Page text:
December 13, 2010 |
If you are flying during the holiday season, airline statistics show that the chances of having your luggage lost, misplaced or pilfered increase as the number of passengers boarding planes goes up. But the rate of lost luggage may not be as high as it has been in the past. FOR THE RECORD: Airport security: An item in the Dec. 13 Travel Briefcase column in Business about security checkpoints reported that actress Donna D'Errico complained to KLTA about her treatment by Transportation Security Administration officials at Los Angeles International Airport.
February 28, 2014 |
Every journey tells a story, whether it's a weekend road trip up Pacific Coast Highway or a yearlong, round-the-world jaunt. And Tumi hopes that with its new Santa Monica collection of bags and accessories, your luggage will tell a tale too. That was what George Esquivel, the Buena Park-based shoemaker who was appointed Tumi's creative director in January 2013, had in mind when he decided to use soft, buttery leather for the assortment of duffels,...
April 6, 2014 |
Returning from a recent leisure trip to Miami, Jerry Jorgensen landed in Detroit only to face one of the biggest frustrations of air travel: His bag was nowhere to be found. After making several dozen calls, Jorgensen got American Airlines to return his bag. But the Michigan dairy farmer was not happy. The airline "passed me around on the phone like a hot potato," he said. The good news about lost luggage is that airlines worldwide eventually recover 97% of mishandled bags. That is one of 10 surprising facts about flying with luggage that came out of a new study by international air transport technology specialist SITA.
December 27, 2006 |
The stranded travelers are gone from Denver's airport, but piles of misdirected luggage remain, lost in the rush to get passengers through the snowbound airport. "We had bags that came without passengers, and passengers that came without bags," Frontier Airlines spokesman Joe Hodas said. Some passengers left their luggage behind in a rush to catch a standby flight or chose to leave the airport rather than wait for delayed bags, he said.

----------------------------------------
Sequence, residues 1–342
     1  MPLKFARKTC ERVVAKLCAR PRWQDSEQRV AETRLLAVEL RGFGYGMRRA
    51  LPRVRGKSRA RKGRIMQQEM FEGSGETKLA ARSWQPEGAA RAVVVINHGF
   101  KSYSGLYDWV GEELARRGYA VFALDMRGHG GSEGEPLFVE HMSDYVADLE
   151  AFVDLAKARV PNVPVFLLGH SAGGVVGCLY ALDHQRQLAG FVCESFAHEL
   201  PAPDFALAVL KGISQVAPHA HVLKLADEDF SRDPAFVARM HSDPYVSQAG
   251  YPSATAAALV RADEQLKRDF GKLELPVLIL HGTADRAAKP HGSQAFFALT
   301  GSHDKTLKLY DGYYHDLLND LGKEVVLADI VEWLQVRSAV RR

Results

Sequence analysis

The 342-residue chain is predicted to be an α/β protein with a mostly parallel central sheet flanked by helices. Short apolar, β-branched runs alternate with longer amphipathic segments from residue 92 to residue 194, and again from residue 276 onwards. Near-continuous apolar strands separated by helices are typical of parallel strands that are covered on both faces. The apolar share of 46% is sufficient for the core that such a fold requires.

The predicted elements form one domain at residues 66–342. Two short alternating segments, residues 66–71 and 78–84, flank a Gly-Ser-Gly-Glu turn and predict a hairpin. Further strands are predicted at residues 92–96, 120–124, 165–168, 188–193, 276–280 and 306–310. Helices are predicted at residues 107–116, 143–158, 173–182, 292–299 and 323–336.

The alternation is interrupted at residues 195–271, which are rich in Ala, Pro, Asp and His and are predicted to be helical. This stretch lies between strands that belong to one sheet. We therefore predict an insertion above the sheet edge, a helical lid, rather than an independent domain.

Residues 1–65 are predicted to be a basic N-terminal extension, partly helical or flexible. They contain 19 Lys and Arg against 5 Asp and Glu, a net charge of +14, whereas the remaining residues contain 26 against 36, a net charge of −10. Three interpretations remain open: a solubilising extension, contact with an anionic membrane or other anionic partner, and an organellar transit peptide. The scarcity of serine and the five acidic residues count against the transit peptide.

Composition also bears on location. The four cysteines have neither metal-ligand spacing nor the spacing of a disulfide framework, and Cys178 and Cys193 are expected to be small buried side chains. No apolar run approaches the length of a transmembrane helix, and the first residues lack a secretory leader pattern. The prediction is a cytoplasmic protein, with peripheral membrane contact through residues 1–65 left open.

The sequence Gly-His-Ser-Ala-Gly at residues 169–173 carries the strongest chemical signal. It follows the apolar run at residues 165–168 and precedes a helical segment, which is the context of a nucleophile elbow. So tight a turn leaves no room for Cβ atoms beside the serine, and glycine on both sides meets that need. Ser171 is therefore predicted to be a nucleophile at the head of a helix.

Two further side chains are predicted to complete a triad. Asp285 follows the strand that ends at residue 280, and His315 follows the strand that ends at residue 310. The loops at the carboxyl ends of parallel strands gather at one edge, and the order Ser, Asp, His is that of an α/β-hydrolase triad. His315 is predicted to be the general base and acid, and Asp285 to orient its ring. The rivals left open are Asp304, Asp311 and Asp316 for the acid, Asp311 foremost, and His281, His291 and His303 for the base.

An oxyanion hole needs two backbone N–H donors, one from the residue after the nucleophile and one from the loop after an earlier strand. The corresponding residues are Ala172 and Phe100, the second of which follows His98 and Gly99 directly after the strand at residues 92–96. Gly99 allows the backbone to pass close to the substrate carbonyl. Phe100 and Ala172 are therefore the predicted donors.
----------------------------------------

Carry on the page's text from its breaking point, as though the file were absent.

November 12, 2006
ONE of my favorite lost-baggage stories happened a few years ago. I was traveling from Boston to Nassau, Bahamas. The flight was nonstop, but the bags didn't make it. When I called the airline, they tracked the bags to Haiti. No problem, I was told; your bags will be put on the next flight. When the bags didn't arrive I was told by the airline that the bags would surely be on the next flight. When the bags still didn't arrive, the airline told me that they had missed the flight. Were they in the bar?
October 16, 1994
In response to "Luggage Lament," Louise Hauter's letter to the editor (Sept. 26): I would much prefer to check everything--but with luggage being lost and pilfered, it won't happen. I can handle the wait at baggage claim, though sometimes it seems forever. The business traveler can't or won't. No easy answer. BETTIE T. ROMAN West Hills I've never had a fish fall on my head, but my luggage was placed in the lavatory for take-off and landing on an Air France flight to Paris.
July 14, 2013 |
With Madrid-based Iberia Airlines, you can now bag it and tag it yourself. The airline claims it is the only carrier to let passengers print out luggage tags at home. Seattle-based Alaska Airlines tested the idea of home tagging for passengers flying from Seattle to Hawaii last year but has not continued the program. Alaska, along with several other carriers, lets passengers print out luggage tags from airport kiosks. Iberia passengers can print their luggage tags at home and download their boarding passes onto their smartphones.
CALIFORNIA | LOCAL
September 2, 1989
Missing luggage containing documents that chronicle a Japanese family's fight against black racism in their country has been recovered, Los Angeles officials said Friday. Bags containing journals and videotapes detailing the campaign led by the family of Toshiji Arita were found in a trash bin near Los Angeles International Airport, a spokeswoman for Mayor Tom Bradley said.
July 6, 2013 |
Trakdot is a new battery-powered device designed to help travelers keeps tabs on their luggage. You tuck Trakdot into your checked bag, and the palm-sized, Federal Aviation Administration-compliant device switches to “airplane mode” during flight, but upon landing, transmits its airport location to a mobile phone via text, email or app. The app also also sends an alert when bags are approaching the carousel. The $49.99 device works with any cell phone globally. It requires an $8.99 activation fee and $12.99 annual service fee. Info: Trakdot
May 29, 1987 |
Scotland Yard said Thursday that undercover police have arrested 23 baggage handlers for looting passengers' suitcases at Heathrow Airport, dubbed "Thiefrow" because of suspected multimillion-dollar luggage pilfering at the world's busiest airport. The five-month operation was the second in which authorities have broken up employee theft rings at the airport.